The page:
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大學女生談戀愛更愛AA制 College Girls Tend to Like AA System

來源:apple 編輯:apple 時間:2017-05-24
After a seemingly endless 12-year journey, students finally reach their cherished destination and settle down as freshmen. After the struggles of middle and high school, college is a haven for freshers: A warm bed, new friends and, most important of all, freedom. Only one thing is missing: A romantic partner who can bring vitality and flavor to the college experience.

But this flavor can often be soured by that well-worn poisoner of relationships everywhere: Money. And money issues can damage such a fragile butterfly as campus love.

Male students, as a result of both societal conditioning and a sense of chivalry, often take it for granted that paying the bill is symbolic of both their value in a relationship and the embodiment of politeness. “I never let a girl pay the bill, or I feel embarrassed,” said Wei Xu, an 18-year-old freshman at Sichuan Agricultural University.”

According to an online survey on Sohu.com that quizzed 6,000 students, 8.8 percent of them (mostly male) get an extra “relationship budget” from parents. Every month, Wei’s father gives him another several hundred yuan so that he can sustain the status of generous boyfriend.

Whereas, according to female students, having a boyfriend that acts like an ATM machine is not always welcome. “Spending parents’ money is not something to be proud of,” said Pan Tongtong, 18, a freshman at Beijing Normal University. “I would view such a boy as an irresponsible type. Liu Na, 18, a freshman at Shenzhen University, echoed those sentiments by saying that she prefers going Dutch as a way to show each other respect. “The nature of a relationship is sharing not taking,” said Liu. “Plus, I don’t want to feel as though I am relying on my boyfriend financially.”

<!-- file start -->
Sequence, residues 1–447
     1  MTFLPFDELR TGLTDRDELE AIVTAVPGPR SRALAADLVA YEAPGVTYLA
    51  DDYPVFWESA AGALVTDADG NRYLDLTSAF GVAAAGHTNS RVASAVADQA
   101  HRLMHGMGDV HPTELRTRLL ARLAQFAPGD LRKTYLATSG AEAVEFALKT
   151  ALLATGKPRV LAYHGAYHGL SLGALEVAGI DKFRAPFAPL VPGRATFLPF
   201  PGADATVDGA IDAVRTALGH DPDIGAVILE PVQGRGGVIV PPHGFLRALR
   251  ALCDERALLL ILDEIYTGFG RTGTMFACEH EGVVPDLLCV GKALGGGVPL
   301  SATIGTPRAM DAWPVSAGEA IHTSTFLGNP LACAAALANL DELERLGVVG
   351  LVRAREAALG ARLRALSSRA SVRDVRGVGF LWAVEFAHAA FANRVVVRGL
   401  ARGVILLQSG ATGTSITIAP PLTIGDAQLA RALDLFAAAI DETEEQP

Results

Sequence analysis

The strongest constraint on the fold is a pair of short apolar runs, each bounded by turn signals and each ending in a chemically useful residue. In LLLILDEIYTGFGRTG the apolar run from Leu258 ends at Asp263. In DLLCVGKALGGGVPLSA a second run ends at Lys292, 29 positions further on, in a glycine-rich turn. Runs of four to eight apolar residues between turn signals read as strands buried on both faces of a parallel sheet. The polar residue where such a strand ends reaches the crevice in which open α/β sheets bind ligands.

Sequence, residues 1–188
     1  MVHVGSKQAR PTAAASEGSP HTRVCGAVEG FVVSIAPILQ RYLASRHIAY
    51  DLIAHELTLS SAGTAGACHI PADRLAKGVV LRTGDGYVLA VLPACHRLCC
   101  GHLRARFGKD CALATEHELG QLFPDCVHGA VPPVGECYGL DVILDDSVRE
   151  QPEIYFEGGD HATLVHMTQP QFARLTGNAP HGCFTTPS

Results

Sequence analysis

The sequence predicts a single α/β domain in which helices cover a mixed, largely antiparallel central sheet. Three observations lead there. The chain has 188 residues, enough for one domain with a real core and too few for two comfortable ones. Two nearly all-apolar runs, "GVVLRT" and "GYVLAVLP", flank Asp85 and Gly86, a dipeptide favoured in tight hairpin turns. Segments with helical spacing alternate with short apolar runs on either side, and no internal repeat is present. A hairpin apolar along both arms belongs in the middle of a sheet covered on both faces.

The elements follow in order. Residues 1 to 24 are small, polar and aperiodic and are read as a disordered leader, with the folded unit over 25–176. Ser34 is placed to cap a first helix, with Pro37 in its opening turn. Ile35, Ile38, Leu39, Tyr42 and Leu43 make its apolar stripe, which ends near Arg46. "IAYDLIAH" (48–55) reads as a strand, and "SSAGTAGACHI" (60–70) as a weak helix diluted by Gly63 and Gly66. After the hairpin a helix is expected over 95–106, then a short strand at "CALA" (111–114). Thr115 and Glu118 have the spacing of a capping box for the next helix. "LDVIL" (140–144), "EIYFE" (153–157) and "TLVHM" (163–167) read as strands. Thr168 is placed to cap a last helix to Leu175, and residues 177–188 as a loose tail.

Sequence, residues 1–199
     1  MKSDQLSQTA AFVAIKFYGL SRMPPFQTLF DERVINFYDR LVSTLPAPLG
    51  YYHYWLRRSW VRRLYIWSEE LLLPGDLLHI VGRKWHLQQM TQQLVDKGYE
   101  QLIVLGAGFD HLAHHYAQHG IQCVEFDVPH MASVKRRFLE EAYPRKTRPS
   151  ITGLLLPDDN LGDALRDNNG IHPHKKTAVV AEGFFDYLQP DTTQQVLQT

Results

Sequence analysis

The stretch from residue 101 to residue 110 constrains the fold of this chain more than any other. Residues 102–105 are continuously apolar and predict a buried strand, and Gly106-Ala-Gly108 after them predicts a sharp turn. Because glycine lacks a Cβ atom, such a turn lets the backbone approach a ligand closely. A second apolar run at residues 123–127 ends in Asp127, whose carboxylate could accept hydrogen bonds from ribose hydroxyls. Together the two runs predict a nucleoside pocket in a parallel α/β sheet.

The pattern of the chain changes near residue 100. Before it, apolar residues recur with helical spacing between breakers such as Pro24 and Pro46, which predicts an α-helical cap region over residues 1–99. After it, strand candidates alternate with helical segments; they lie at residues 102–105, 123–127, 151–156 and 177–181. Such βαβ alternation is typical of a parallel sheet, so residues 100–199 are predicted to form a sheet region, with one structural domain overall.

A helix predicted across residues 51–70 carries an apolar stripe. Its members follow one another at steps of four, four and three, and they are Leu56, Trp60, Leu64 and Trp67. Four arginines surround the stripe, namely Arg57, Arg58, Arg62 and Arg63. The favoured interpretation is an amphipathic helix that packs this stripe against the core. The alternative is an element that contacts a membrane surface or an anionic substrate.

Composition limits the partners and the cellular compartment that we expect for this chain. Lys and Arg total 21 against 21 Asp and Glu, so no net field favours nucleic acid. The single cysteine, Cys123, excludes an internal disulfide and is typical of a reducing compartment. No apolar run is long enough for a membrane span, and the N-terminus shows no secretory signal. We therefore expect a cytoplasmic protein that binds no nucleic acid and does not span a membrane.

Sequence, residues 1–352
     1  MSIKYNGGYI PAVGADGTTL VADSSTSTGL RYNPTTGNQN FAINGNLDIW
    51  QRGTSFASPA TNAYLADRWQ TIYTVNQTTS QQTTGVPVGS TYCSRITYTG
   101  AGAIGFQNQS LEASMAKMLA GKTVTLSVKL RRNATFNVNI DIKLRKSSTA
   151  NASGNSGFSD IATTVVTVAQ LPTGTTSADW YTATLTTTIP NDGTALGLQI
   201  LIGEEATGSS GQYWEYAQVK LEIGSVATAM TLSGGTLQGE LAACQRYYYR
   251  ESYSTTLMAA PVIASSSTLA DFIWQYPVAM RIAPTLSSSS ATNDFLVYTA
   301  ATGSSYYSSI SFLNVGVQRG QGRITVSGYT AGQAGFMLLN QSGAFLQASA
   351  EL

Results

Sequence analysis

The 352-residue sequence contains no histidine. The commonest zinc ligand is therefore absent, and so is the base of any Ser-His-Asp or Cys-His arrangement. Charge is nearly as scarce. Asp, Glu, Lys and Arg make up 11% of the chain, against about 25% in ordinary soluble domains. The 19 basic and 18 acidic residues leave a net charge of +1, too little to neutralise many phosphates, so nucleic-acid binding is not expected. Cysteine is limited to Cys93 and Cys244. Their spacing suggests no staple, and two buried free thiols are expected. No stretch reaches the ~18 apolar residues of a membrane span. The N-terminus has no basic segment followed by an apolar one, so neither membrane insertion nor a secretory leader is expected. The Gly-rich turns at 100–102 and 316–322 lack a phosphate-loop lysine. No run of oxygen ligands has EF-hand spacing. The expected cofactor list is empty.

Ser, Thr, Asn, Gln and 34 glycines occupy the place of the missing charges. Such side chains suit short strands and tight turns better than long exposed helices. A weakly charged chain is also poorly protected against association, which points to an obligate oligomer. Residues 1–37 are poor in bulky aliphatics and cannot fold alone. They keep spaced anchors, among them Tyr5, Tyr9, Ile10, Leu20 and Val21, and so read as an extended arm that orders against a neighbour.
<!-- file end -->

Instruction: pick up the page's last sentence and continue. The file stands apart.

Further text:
However, male students find it hard to accept the dawning reality of financial co-existence. Wei Xu believes that it would hurt his pride to ask a girl to share the cost. “I just don’t know how to open my mouth to raise the subject,” Wei said. Girls, however, prefer setting ground rules regarding such matters so as to rule out any possible misunderstandings. “It’s better to get things straight before dating, so that neither part feels undue pressure on the matter of money, which could be a sensitive subject in a relationship,” said Qin Xiaolan, a 19-year-old freshman at Wuhan University. Some, however, balance things differently. Ma Shunyang, 20, a sophomore student at Guangdong Foreign Studies University, always gives some money to her boyfriend before going out for a dinner or a movie. “It is understandable for my boyfriend to be the one in charge in front of others,” said Ma. Ma also thinks that having expensive dinners or going to expensive moviesdoesn'tguarantee a happy relationship. “The key is how much thought is put into the relationship, not how much money,” said Ma.


12年的求學之途看似漫漫無期,但學生們最終到達了一直期盼的目的地,邁入了大學校門。相對于初中和高中的艱苦奮斗,大學就是避風港:溫暖的床鋪,新的朋友,最重要的,就是自由。而對大學生來說,唯獨缺少的一樣東西,就是一位能夠為大學生活增添活力與回味的情感伴侶。


不過,在一個東西面前,這種味道就變質了,雖然這個東西平凡得不能再平凡,卻是所有感情的毒藥,那就是:錢。錢能破壞如蝴蝶般脆弱的校園愛情。


出于社會習慣以及紳士風度的考慮,男孩往往認為付賬是天經地義的,因為這既是他們價值的象征,又是禮貌的體現。“我從來不讓女孩買單,這會使我感到尷尬。”18歲的四川農業大學大一新生魏敘(音譯)是這樣認為的。


搜狐網針對6000名學生做了一項網上調查,其中有8.8%的人(大部分是男生)從父母那里獲得了額外的“戀愛預算”。每月,魏敘(音譯)都從父親那額外獲得幾百塊,維系他作為一個慷慨男友的形象。


但是,在女生看來,一個像自動取款機一樣的男友并不總那么受歡迎。“花父母的錢不值得驕傲,在我看來是沒有責任心的表現。”北京師范大學大一新生潘彤彤(音譯)如是說。深圳大學18歲的新生劉娜(音譯)也持有同樣的觀點,她更傾向于AA制,這樣可以表示對互相的尊敬。“愛情的本質是分享不是索取,另外我不想讓人覺得我是在被男朋友養著。”


然而,逐漸興起的經濟獨立并不容易被男生接受。魏敘認為請求女孩分擔花銷是傷自尊的事。他說:“我都不知道該如何開口提出這個要求。“而女孩更喜歡先定好基本原則,以防出現可能的誤解。“在約會前最好先把事說清楚,這樣雙方都不會在錢的問題上感到過分的壓力,這在雙方相處中是個敏感問題。”武漢大學19歲的新生秦小蘭(音譯)說。當然有些人也有不同的處理方式。廣東外語外貿大學20歲的二年級生馬順陽(音譯)在吃飯或者看電影前總是先給他男朋友錢。她說:“我能理解我的男朋友在其他人面前愿意表現出占主導的姿態。”她還認為吃飯看電影花大價錢并不能保證幸福的愛情。她認為:“問題的關鍵在于投入了多少感情,而不是多少錢。”

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